The Washington Post Sunday

2018 is Washington’s wettest year

Unrelentin­g jet stream directed several storms through the region


An unpreceden­ted series of drenching rainstorms, culminatin­g in this weekend’s soaking, has catapulted 2018 to the wettest year on record in Washington. This year’s rainfall tally shoves aside the previous top mark, which stood for nearly 130 years.

The steady rain Friday night into Saturday morning elevated 2018’s total past the previous record of 61.33 inches set in 1889. The National Weather Service an- nounced the record was surpassed at 6:26 a.m. Saturday. After that, more than another inch of rain came down, and Saturday eclipsed the previous Dec. 15 rainfall record of 1.38 inches from 1901.

An additional inch or so of rain could fall through Sunday, pushing 2018 further ahead of historical­ly wet years of the past. Weather records in Washington date back to 1871.

Washington joins Baltimore, which broke its annual rainfall record in November, in notching its wettest year. Dozens of other locations in the Mid-Atlantic, including Wilmington, N.C., Charleston, W.Va, and State College, Pa., have also set yearly rainfall records with two weeks remaining.

The extreme rainfall in the Mid-Atlantic has stemmed from a weather pattern unleashing storms through the region since May. Except for brief pauses in the first half of July and this month, it has seldom relented. The jet stream, which is the high-altitude air current along which storms track, has persistent­ly directed moisture-packed storms through the region.

The pattern gave rise to the devastatin­g flood in Ellicott City, Md., in late May, its second “1 in 1,000” year deluge in two years. Frederick, Md., also endured a severe flood in May when its downtown area was engulfed by half a foot of water in two hours. Around this time, Washington witnessed a stretch of seven days in a row with at least 0.25 inches of rain, its longest such streak ever recorded.

In all, Washington has seen 122 days with measurable rain this year, which is not out of the ordinary considerin­g the longterm average is 116. But very often, when it’s rained, it’s poured. At least an inch of rain has accumulate­d on a record 22 days.

The frequent episodes of heavy rain have spurred multiple flood events on area waterways. As the torrents poured into the Potomac River, waters rose to the flood stage three times at the gauge at Little Falls, once in June and twice in September.

The 61-plus inches of rain this year is 50 percent above the longterm average of around 40 inches. For perspectiv­e, other cities whose average yearly rainfall is between 60 and 65 inches include Miami (62 inches) and New Orleans (64 inches).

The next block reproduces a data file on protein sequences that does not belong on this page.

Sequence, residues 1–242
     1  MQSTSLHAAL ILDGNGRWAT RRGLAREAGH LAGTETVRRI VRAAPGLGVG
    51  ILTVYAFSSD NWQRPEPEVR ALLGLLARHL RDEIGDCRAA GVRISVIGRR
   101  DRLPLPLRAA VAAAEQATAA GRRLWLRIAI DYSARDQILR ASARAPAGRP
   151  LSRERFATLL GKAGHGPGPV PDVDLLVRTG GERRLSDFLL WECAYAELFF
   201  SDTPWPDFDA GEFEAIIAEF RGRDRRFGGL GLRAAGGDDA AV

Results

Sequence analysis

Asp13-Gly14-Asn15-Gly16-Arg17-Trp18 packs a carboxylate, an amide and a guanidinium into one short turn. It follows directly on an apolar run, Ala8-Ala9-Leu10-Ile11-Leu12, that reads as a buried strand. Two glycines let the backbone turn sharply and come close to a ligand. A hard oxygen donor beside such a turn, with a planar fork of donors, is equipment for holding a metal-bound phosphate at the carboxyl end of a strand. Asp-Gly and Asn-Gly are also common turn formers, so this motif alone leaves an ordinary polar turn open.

Although scientists hesitate to attribute rainfall in a single year to climate change, an increase in heavy precipitat­ion is an expectatio­n as the planet warms. Washington’s temperatur­es have risen over time, and 2018 is on track to rank among the top 10 warmest years on record.

The federal government’s National Climate Assessment, published in November, documented a recent trend toward increasing rainfall intensity in the northeast U.S. and projects even heavier downpours in the coming decades due to climate change.

The record-setting rainy year by the numbers

Four: The total rainfall in four months ranked among the top 10 highest on record.

May’s 8.73 inches ranked sixth wettest on record.

July’s 9.73 inches ranked as fourth wettest on record, even after a record-dry first 15 days.

September’s 9.73 inches ranked as fifth wettest on record. Measurable rain occurred on 16 days, a record for the month.

November’s 7.57 inches ranked as the wettest in recorded history.

Eight: The number of calendar days that saw record rainfall. They happened on: Feb. 10 (1.06 inches); May 14 (1.49 inches); July 17 (2.79 inches); July 21 (4.00 inches); Aug. 21 (2.46 inches); Sept. 9 (1.59 inches); Nov. 5 (1.44 inches); Dec. 15 (at least 1.72 inches).

22: Days this year with at least one inch of rain. This number is the most on record in Washington, besting 21 from 1878. This data point tends to fit the idea of more precipitat­ion falling on fewer days in a warming world.

29: Saturdays with rain, including this one. That’s more than half of them in 2018. If you thought rain was occurring frequently on weekend days this year, you were right.

1,391: Flooding-related reports in the Washington-Baltimore region (as compiled by the National Weather Service). This compares with only 262 reports in 2017. The month with the most was August, when 308 reports of flooding racked up. Overall, they were logged on 71 different days, with June 22 leading the pack with 101. as

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